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Rockville man killed in Friday morning plane crash

Rockville man killed in Friday morning plane crash
A plane crashed next to the runway at Carroll County Regional Airport Friday. A not-to-scale representation of the crash site is shown. (Carroll County Times)

The cause of the plane crash that killed a Rockville pilot at the Carroll County Regional Airport in Westminster is still unknown as federal agencies are expected to continue their investigation today.

The single-engine, fixed-wing plane crashed at the north end of the runway around 10:10 a.m. Friday.

Henry Judkins, 64, the only occupant of the plane, was pronounced dead after he arrived at the University of Maryland Shock Trauma, according to a prepared news release from the Maryland State Police.

The preliminary investigation indicates Judkins was one mile away from the airport when he reported mechanical issues. Witnesses observed the aircraft flying at varying altitudes before descending into a grassy area approximately 40 feet before the runway, according to state police.

Pieces of the plane were scattered over 100 feet. The wing and the body of the plane were found in several separate, mangled pieces.

Judkins was ejected about 40 feet from the plane and onto the grass, according to Gil Roper, a spokesman for the Westminster Fire Engine and Hose Co. 1. Carroll County emergency personnel responded to the crash.

A helicopter arrived shortly after the crash to transport Judkins to the hospital, but it experienced an engine malfunction. Judkins was transported by ambulance to an area near the Mitchell's Golf Complex in Reisterstown. A second helicopter arrived and flew Judkins to Shock Trauma, according to state police.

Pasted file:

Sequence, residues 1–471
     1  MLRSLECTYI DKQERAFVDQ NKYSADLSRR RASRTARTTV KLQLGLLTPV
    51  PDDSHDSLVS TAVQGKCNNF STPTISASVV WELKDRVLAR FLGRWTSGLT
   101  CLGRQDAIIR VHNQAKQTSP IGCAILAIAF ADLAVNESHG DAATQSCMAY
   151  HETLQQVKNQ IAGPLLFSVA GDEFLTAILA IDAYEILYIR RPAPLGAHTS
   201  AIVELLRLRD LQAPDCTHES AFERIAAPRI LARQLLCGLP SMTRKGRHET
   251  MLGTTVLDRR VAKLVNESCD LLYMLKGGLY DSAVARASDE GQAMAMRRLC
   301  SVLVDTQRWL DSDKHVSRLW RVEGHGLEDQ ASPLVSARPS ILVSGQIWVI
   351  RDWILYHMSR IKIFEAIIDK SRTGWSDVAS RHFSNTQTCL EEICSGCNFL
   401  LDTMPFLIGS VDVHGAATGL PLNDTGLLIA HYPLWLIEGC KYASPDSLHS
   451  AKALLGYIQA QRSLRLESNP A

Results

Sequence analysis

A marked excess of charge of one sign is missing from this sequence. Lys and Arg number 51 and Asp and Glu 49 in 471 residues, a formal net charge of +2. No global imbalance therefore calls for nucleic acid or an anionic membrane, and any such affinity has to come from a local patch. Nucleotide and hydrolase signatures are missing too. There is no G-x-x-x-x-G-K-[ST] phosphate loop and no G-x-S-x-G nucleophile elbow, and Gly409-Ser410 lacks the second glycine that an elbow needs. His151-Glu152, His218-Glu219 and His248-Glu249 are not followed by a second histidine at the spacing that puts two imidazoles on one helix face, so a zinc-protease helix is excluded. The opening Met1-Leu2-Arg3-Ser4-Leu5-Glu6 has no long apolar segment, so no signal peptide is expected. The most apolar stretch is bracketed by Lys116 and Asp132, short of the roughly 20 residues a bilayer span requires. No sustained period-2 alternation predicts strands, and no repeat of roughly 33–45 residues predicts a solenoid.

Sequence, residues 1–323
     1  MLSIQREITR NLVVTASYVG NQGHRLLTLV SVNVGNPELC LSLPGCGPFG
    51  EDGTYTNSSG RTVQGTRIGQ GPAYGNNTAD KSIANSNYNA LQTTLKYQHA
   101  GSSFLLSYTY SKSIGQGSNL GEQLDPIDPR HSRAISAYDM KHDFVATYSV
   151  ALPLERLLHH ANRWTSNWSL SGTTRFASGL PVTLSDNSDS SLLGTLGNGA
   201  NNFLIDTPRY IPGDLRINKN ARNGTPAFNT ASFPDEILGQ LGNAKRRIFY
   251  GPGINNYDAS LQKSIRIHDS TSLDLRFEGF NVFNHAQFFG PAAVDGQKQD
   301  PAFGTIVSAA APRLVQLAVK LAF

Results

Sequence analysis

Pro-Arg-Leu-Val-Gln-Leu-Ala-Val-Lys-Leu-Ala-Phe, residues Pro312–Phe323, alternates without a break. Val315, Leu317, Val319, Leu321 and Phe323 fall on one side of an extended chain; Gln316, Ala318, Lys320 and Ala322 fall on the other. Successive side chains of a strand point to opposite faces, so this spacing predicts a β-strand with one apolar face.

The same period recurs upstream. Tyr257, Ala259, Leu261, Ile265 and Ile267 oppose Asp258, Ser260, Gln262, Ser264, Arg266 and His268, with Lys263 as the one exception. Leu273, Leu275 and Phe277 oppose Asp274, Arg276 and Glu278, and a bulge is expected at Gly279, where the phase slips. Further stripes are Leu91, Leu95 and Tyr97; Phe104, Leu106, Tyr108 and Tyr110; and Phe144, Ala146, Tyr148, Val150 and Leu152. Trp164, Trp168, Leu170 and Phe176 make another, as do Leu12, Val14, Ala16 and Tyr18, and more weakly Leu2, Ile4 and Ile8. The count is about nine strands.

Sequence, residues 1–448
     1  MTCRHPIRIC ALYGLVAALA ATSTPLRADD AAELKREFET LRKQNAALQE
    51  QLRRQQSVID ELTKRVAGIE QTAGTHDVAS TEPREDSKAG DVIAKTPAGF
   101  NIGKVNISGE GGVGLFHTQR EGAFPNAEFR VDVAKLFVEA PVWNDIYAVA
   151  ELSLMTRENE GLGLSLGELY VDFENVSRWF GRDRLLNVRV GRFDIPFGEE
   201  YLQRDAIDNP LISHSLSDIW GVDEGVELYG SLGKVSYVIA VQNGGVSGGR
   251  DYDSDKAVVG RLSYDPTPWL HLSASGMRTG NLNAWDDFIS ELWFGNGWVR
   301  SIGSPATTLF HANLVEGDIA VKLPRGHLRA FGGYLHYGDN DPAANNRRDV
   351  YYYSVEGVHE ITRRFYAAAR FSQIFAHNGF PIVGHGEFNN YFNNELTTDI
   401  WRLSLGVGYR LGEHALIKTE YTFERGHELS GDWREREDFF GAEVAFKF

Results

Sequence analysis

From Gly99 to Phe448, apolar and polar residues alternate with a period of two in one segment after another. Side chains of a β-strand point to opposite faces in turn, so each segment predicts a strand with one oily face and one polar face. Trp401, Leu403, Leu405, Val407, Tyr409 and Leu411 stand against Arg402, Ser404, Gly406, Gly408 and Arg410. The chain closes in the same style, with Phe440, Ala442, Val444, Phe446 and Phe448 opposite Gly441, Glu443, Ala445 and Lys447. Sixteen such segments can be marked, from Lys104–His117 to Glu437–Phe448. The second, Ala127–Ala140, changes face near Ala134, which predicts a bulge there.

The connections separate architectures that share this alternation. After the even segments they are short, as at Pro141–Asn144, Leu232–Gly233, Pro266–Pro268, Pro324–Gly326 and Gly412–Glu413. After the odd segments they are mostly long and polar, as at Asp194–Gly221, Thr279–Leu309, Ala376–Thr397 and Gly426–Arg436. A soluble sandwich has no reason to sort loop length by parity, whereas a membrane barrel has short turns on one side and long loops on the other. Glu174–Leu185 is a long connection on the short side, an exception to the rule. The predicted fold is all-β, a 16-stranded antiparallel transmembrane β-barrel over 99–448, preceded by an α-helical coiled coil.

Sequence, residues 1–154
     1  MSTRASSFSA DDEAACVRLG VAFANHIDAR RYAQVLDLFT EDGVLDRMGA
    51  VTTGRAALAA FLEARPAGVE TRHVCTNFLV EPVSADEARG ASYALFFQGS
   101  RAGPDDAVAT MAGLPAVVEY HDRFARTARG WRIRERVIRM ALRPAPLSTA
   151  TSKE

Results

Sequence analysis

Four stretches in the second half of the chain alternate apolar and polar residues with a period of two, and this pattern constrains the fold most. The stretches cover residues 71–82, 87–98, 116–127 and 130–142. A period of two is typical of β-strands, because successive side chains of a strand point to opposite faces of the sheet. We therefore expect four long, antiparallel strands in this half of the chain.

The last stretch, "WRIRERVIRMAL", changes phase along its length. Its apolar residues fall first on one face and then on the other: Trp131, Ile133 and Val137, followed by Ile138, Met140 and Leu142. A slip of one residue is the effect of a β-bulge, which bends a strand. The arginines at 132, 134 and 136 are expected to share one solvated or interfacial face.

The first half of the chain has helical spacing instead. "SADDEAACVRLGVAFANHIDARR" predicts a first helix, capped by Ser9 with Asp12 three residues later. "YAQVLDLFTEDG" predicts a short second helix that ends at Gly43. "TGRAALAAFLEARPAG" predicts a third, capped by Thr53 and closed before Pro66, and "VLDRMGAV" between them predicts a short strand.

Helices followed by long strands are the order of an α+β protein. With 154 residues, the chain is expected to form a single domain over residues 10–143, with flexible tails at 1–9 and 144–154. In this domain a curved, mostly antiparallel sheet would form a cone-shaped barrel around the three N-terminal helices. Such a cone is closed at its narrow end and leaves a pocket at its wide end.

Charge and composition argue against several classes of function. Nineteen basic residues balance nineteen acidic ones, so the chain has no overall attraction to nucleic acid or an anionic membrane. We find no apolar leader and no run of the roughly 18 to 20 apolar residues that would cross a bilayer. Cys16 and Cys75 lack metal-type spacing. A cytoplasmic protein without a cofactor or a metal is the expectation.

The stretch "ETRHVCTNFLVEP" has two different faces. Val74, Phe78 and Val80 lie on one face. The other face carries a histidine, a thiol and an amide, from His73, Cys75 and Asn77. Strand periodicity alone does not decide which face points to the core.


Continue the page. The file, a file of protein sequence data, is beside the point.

Federal Aviation Administration staff arrived at the scene Friday afternoon and investigators from the National Transportation Safety Board were expected to begin their investigation this morning, according to NTSB spokesman Keith Holloway. The NTSB is tasked with investigating all civil aviation accidents in the United States.

State police crime scene technicians assisted investigators by processing the crash site in an attempt to recover physical evidence from the scene, according to state police.

The plane involved in the crash was a REMOS GX sport plane, according to FAA spokesman Jim Peters. The plane is registered to a woman in New York, according to the FAA N-Number Registry.

Including Friday's incident, ten plane crashes have occurred at the airport since 1982, according to crash reports on the NTSB's website. No one died in eight of the ten crashes. The only other fatal plane crash that occurred at the Carroll County Regional Airport occurred in 1982. Four people, including the pilot, died in that crash.

The last plane crash at the airport occurred Jan. 26, 2008.

The airport was shut down while investigators looked into the plane crash, but officials expected to reopen it late Friday, county spokeswoman Roberta Windham said. Planes were being diverted to surrounding airports, she said.

The airport and runway did not sustain damage during the crash, Windham said.

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